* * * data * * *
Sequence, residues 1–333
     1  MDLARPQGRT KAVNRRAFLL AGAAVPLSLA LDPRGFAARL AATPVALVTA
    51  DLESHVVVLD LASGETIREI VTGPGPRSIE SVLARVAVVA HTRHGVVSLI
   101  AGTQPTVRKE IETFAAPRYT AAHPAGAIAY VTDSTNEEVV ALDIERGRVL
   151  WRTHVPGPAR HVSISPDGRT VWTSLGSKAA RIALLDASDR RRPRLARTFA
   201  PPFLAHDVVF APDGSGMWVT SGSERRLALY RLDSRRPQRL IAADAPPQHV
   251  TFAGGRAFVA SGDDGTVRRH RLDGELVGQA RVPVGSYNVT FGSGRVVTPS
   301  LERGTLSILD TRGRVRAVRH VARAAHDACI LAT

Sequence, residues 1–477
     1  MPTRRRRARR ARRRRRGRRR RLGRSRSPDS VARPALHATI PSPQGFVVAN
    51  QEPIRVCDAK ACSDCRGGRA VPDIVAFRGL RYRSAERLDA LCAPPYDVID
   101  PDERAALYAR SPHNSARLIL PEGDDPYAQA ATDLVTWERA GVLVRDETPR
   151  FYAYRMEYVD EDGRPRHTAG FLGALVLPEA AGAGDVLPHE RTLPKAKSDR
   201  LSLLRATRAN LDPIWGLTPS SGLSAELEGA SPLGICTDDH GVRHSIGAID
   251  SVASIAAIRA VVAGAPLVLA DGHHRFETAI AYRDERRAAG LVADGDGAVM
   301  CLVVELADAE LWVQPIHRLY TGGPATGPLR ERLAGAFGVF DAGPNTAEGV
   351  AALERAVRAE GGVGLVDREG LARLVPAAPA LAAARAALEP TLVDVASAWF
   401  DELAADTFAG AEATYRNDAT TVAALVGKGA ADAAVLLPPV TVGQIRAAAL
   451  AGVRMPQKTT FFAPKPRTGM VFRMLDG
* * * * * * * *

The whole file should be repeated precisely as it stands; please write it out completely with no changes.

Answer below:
Sequence, residues 1–333
     1  MDLARPQGRT KAVNRRAFLL AGAAVPLSLA LDPRGFAARL AATPVALVTA
    51  DLESHVVVLD LASGETIREI VTGPGPRSIE SVLARVAVVA HTRHGVVSLI
   101  AGTQPTVRKE IETFAAPRYT AAHPAGAIAY VTDSTNEEVV ALDIERGRVL
   151  WRTHVPGPAR HVSISPDGRT VWTSLGSKAA RIALLDASDR RRPRLARTFA
   201  PPFLAHDVVF APDGSGMWVT SGSERRLALY RLDSRRPQRL IAADAPPQHV
   251  TFAGGRAFVA SGDDGTVRRH RLDGELVGQA RVPVGSYNVT FGSGRVVTPS
   301  LERGTLSILD TRGRVRAVRH VARAAHDACI LAT

Sequence, residues 1–477
     1  MPTRRRRARR ARRRRRGRRR RLGRSRSPDS VARPALHATI PSPQGFVVAN
    51  QEPIRVCDAK ACSDCRGGRA VPDIVAFRGL RYRSAERLDA LCAPPYDVID
   101  PDERAALYAR SPHNSARLIL PEGDDPYAQA ATDLVTWERA GVLVRDETPR
   151  FYAYRMEYVD EDGRPRHTAG FLGALVLPEA AGAGDVLPHE RTLPKAKSDR
   201  LSLLRATRAN LDPIWGLTPS SGLSAELEGA SPLGICTDDH GVRHSIGAID
   251  SVASIAAIRA VVAGAPLVLA DGHHRFETAI AYRDERRAAG LVADGDGAVM
   301  CLVVELADAE LWVQPIHRLY TGGPATGPLR ERLAGAFGVF DAGPNTAEGV
   351  AALERAVRAE GGVGLVDREG LARLVPAAPA LAAARAALEP TLVDVASAWF
   401  DELAADTFAG AEATYRNDAT TVAALVGKGA ADAAVLLPPV TVGQIRAAAL
   451  AGVRMPQKTT FFAPKPRTGM VFRMLDG